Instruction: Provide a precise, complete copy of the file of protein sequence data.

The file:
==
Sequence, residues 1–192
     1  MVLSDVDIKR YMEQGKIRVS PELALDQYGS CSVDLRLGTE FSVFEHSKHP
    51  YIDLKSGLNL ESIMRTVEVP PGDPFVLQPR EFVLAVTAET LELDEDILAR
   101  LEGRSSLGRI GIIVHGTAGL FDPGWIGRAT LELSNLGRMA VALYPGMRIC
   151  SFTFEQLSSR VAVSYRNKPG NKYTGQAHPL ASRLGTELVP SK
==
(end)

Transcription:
Sequence, residues 1–192
     1  MVLSDVDIKR YMEQGKIRVS PELALDQYGS CSVDLRLGTE FSVFEHSKHP
    51  YIDLKSGLNL ESIMRTVEVP PGDPFVLQPR EFVLAVTAET LELDEDILAR
   101  LEGRSSLGRI GIIVHGTAGL FDPGWIGRAT LELSNLGRMA VALYPGMRIC
   151  SFTFEQLSSR VAVSYRNKPG NKYTGQAHPL ASRLGTELVP SK